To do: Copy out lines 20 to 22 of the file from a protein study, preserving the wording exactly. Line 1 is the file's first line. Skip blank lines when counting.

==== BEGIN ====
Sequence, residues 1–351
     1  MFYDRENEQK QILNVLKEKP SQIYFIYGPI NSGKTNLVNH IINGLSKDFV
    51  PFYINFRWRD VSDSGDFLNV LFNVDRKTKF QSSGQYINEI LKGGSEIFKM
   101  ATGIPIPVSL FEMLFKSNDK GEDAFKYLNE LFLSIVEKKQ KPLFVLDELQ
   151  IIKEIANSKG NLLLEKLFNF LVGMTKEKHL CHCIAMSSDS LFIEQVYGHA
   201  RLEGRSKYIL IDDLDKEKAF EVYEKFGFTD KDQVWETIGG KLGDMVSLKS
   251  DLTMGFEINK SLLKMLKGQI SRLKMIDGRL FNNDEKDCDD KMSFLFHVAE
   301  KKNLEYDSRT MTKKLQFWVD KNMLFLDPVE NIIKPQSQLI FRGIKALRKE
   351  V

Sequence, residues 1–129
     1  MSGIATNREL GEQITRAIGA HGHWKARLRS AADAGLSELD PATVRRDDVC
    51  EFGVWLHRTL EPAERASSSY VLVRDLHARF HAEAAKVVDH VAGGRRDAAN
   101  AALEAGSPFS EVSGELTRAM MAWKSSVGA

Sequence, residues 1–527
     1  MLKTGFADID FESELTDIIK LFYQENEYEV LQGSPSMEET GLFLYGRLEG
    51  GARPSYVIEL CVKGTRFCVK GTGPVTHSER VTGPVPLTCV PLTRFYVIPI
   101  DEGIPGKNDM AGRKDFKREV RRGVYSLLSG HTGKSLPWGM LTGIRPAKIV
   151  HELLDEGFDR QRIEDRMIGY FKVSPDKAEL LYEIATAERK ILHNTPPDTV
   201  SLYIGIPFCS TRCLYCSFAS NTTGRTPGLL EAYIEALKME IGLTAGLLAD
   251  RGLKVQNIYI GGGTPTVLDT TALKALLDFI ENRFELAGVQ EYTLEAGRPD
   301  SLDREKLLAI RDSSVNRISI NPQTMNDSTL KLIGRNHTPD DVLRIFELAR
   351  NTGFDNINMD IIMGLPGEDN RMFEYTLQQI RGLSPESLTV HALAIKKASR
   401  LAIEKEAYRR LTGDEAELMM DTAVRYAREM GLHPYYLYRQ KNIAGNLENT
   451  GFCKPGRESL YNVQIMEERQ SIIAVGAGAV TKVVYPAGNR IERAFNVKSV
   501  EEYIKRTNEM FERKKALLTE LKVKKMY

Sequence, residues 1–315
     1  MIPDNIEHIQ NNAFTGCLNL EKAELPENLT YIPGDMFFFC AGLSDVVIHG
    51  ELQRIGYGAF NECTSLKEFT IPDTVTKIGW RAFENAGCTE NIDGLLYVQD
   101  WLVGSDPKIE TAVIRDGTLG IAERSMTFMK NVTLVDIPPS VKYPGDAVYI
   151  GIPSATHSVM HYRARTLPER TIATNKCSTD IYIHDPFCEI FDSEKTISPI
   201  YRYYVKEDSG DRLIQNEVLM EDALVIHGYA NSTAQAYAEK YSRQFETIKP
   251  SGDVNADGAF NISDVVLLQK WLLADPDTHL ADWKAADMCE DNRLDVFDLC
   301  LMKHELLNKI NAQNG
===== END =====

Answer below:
   251  RGLKVQNIYI GGGTPTVLDT TALKALLDFI ENRFELAGVQ EYTLEAGRPD
   301  SLDREKLLAI RDSSVNRISI NPQTMNDSTL KLIGRNHTPD DVLRIFELAR
   351  NTGFDNINMD IIMGLPGEDN RMFEYTLQQI RGLSPESLTV HALAIKKASR